My friend Robin posted a comment in response to my take on the British Airways ruling about the woman being asked to remove or cover up the cross emblem she was wearing. Robin quoted George Galloway’s response, and provided a story link where you can see the quote in full. As usual Galloway getting the facts wrong.

He said that this is very insensitive “at this sensitive time when blood is boiling everywhere, when women are being attacked in streets and mosques are being attacked and firebombed.” I’m not totally sure, unless you happen to be a politician pandering to a group of people, what mosques have to do with this whole thing. And of course that particular religion’s record on women’s rights is so well understood.

Galloway continues, “No Muslim would ever complain about a Christian wearing a cross.” Except, of course if they were in Saudi Arabia, or several other countries in that part of the world.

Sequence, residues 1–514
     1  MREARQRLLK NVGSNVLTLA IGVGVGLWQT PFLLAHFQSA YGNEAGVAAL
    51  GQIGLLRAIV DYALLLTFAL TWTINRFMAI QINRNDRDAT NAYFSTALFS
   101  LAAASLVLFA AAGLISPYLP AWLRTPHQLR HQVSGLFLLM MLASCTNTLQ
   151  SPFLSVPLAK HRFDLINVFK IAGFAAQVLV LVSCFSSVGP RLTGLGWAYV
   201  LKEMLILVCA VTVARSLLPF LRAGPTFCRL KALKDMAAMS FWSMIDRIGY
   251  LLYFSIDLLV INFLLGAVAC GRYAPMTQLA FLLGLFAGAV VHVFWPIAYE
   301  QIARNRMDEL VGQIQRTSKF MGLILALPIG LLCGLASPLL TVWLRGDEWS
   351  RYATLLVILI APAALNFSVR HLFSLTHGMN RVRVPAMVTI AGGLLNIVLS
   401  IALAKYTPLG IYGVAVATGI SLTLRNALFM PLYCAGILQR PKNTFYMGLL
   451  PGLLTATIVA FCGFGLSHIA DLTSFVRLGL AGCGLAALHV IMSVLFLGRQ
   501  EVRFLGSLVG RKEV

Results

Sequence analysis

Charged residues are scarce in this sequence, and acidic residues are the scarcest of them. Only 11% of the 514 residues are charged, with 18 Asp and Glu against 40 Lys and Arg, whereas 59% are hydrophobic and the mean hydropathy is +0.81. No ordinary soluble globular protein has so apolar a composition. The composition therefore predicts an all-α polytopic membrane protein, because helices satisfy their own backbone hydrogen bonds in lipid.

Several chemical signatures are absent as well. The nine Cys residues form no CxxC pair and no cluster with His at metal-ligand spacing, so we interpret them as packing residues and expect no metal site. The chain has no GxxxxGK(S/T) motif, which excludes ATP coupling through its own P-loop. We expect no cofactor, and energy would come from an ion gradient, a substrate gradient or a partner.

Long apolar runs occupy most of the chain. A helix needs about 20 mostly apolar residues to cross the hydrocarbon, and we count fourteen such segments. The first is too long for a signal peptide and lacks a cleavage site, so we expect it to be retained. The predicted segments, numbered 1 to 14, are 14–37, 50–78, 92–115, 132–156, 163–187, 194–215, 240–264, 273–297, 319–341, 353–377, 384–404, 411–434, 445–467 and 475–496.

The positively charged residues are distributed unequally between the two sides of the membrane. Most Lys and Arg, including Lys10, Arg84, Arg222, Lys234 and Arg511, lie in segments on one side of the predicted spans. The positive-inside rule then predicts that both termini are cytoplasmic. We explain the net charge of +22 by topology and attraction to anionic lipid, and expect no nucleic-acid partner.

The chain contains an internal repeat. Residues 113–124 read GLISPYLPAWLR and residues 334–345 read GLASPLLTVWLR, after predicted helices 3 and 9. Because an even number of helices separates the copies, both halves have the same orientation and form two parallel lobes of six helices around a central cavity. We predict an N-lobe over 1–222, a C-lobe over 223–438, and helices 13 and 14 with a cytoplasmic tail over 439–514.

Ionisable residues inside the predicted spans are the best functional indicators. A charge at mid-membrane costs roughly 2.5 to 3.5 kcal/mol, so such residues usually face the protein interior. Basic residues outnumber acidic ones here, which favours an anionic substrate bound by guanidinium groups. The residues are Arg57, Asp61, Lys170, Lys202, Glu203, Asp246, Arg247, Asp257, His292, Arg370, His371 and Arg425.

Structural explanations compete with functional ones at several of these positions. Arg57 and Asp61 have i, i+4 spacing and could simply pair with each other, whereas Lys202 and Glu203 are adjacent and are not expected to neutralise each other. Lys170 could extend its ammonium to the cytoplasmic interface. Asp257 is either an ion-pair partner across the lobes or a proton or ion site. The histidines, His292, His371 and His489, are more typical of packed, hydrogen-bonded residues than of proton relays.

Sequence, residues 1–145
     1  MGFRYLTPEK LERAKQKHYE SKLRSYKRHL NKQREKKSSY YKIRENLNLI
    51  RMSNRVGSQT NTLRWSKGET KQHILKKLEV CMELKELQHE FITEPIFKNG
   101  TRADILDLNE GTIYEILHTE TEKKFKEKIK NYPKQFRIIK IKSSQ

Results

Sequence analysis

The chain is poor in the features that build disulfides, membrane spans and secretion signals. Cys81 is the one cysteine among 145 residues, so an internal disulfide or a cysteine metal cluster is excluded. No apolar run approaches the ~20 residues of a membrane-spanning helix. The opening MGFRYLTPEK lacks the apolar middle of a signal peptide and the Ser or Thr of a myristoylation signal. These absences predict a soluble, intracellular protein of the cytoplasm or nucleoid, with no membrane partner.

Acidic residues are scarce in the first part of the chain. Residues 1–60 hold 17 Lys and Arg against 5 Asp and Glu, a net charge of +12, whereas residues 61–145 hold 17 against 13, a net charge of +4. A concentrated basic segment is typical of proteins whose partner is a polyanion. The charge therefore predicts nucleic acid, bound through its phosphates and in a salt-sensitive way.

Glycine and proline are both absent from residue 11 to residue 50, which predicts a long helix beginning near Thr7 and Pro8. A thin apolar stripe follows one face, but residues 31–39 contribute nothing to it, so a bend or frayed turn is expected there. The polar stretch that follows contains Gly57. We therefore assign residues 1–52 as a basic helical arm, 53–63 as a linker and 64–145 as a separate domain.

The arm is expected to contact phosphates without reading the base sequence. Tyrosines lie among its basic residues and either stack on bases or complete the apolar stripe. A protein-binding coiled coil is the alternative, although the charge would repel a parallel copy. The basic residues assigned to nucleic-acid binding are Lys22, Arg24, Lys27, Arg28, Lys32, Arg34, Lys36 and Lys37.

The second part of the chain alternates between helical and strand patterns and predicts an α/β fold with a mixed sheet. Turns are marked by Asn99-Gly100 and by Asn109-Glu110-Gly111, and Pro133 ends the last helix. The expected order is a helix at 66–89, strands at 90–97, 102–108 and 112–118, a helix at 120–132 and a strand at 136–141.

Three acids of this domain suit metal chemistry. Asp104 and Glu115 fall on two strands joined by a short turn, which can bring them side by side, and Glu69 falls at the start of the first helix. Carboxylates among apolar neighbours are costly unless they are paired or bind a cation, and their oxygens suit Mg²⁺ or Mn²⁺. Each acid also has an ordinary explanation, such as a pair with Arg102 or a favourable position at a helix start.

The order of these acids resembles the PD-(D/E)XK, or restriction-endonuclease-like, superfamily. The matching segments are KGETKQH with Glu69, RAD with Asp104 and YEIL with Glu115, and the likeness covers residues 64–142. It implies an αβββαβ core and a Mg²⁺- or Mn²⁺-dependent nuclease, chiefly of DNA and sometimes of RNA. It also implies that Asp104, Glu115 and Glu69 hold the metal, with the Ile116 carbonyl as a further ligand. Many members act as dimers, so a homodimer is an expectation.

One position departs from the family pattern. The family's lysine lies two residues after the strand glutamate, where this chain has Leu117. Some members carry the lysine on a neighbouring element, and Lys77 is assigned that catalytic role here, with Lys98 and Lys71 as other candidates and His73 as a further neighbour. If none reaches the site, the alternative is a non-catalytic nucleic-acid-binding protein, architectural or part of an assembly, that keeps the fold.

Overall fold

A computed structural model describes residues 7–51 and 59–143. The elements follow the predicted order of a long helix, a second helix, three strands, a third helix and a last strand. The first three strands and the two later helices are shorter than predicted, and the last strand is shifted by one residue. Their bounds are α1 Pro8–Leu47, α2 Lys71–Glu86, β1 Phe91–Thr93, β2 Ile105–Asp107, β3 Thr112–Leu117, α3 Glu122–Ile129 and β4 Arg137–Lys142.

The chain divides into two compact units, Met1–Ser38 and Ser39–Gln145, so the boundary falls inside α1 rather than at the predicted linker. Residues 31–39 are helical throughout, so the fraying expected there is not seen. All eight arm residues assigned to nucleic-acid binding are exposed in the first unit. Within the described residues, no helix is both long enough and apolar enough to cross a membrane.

Another quote in that story:

John Andrews, communications officer for the Diocese of Bath and Wells, said: “I think BA are being extremely offensive to members of the Christian faith.”

He continued: “It would be a great shame if Christians are prevented from demonstrating their own faith. It is a basic human right.

Maybe, but as mentioned before it is quite possible and in fact maybe even preferable to show your Christianity by being a good Christian which does not involve displaying symbols of your belief. And another quote:

Anglican Communion press officer Canon James Rosenthal said crosses adorn churches around the world and “many Christians find wearing or carrying a cross something very important to them” [my emphasis].

So, then, carry the cross emblem – you don’t have to be displaying it.

On a lighter note, one commenter on the story’s website pointed out that if Jesus came back he might not want to see crosses everywhere, what with the associations for him and all.

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